UK Warned: Devolved rejection of GM means UK must vote “No” on new maize
Immediate release (13 Nov 2013)
Calls to: Helena Paul 0207 431 4357
GM Freeze today wrote to David Cameron and Nick Clegg urging them to ensure the UK votes against the EU application for cultivation authorisation for DuPont Pioneer’s genetically modified (GM) 1507 maize at the upcoming meeting of EU Environment Ministers on 13 December.
GM Freeze pointed out that since both the Scottish and Welsh Governments reject GM crops the overarching UK administration has no mandate to support the application.  The group also highlighted expected harms to the environment, some of which have not been properly assessed.
Campaigns Director Helena Paul said:
The UK administration in Whitehall consistently supports GM applications at EU level, completely disregarding the clear rejection of GM crops by both the Welsh and Scottish Governments and their devolved powers over agriculture. There is no UK mandate for a ‘Yes’ vote on this crop, and the Coalition needs to accept that.
GM Freeze reminded the Government that in addition to recent scientific studies showing that the EU’s non-GM agriculture is producing more food more reliably than the US pro-GM approach,  Pioneer1507 has its own problems, including:
- The GM crop expresses a Bt toxin that is widely acknowledged (including by EFSA in its 2011 revision of its opinion on cultivating Pioneer1507 ) to harm non-target insects like butterflies.
- The crop has a marker gene that makes it tolerant of the herbicide glufosinate (sold under the brand names Basta, Libety and Ignite), which features on the Pesticide Action Network Highly Hazardous Pesticides List and has health impacts including brain and neural damage to developing embryos.  The impacts on the environment of blanket spraying of the crop have not been assessed.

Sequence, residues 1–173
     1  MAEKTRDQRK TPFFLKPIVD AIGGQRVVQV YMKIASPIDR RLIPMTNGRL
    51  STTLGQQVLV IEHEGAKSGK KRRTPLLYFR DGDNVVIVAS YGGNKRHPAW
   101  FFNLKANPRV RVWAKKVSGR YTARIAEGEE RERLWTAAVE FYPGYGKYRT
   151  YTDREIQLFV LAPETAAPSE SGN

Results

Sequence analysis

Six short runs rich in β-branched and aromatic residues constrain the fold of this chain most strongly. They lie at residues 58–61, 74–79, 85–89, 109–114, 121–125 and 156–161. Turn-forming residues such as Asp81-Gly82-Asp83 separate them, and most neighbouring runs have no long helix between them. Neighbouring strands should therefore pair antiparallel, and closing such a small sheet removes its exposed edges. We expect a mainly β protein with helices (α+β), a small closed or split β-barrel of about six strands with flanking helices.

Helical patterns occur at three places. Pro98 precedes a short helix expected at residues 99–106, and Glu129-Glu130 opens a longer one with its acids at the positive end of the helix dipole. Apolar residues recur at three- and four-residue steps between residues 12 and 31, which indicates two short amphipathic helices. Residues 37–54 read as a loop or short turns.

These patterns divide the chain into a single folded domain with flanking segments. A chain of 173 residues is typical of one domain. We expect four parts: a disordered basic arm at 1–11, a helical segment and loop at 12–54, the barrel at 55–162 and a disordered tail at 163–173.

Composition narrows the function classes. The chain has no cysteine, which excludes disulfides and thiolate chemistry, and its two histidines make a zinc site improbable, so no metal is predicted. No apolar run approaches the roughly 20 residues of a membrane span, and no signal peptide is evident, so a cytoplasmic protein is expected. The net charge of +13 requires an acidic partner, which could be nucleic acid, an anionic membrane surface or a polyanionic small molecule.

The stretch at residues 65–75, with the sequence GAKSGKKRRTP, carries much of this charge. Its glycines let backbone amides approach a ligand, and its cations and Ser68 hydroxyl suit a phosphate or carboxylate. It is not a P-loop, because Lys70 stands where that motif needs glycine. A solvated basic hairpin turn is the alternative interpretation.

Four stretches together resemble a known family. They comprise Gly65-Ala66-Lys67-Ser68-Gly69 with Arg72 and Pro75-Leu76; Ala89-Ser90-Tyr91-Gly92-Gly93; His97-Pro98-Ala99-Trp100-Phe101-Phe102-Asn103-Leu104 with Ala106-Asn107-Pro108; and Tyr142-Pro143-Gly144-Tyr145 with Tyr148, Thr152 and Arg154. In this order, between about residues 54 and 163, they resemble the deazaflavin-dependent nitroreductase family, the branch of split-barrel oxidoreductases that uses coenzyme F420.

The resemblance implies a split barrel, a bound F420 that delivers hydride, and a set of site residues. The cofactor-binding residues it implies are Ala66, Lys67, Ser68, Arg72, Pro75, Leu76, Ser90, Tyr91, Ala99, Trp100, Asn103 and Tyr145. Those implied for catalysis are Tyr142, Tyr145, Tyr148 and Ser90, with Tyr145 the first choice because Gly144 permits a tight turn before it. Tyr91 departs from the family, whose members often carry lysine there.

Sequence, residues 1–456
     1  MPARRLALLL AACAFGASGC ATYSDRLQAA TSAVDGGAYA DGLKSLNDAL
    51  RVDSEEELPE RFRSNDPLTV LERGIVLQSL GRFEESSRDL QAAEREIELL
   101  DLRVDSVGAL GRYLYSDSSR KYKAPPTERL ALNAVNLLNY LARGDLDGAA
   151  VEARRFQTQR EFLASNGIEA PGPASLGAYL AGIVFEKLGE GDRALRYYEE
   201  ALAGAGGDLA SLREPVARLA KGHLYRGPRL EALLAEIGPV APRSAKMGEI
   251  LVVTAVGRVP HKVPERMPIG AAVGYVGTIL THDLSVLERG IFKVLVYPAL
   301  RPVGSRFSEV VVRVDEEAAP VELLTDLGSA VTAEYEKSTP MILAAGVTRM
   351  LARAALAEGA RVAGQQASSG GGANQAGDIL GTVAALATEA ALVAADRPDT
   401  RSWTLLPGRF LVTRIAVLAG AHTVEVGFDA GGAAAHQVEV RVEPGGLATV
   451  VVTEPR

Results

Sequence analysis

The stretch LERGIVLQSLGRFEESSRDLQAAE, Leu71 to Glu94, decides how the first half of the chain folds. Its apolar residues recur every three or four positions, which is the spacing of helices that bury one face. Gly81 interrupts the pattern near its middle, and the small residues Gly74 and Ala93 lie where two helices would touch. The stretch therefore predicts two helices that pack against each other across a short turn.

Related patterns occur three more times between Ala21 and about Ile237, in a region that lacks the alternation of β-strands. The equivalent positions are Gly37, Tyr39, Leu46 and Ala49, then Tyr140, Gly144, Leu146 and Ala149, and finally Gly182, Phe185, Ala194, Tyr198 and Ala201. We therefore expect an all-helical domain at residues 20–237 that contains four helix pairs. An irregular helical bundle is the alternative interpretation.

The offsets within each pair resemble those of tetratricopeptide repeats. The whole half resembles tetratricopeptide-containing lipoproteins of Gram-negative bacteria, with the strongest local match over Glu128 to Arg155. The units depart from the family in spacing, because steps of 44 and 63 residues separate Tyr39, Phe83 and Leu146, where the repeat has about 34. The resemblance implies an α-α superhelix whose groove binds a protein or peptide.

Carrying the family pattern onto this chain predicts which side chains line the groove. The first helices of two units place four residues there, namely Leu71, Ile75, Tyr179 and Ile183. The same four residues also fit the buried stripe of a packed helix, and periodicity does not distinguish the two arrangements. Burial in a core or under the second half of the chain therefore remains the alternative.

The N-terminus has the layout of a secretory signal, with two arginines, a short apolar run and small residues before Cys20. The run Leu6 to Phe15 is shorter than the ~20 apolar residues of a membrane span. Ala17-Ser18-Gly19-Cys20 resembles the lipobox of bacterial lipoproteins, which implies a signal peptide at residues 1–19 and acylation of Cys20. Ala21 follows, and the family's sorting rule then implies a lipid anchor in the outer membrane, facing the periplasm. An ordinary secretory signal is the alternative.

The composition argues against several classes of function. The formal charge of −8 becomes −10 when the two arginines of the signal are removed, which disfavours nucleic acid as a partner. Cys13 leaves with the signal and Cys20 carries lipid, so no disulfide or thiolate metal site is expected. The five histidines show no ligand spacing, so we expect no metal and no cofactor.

- There has been no assessment of the impact of the crop on pollinators.
- There has been no risk assessment of the pollen in foodstuffs such as honey.
In the US herbicide tolerant GM crops and reliance on blanket spraying of chemicals have led to the emergence of superweeds with resistance to the weedkillers used. This causes serious problems for farmers and damages habitats for birds and butterflies, such as the Monarch butterfly.  Pests are also evolving resistance to GM pest resistant crops that express the Bt toxin.
The European Commission’s assertion that it was bound by a court ruling to process this cultivation application, which has been outstanding for years, does not mean the EU is obliged to approve the crop.
UK citizens don’t want to see GM crops growing in our countryside, nor do we want the problems they bring, like the superweeds and superbugs destroying another harvest in the US as we speak. It’s time for the UK to stop chasing GM fantasies and vote against the authorisation of this crop.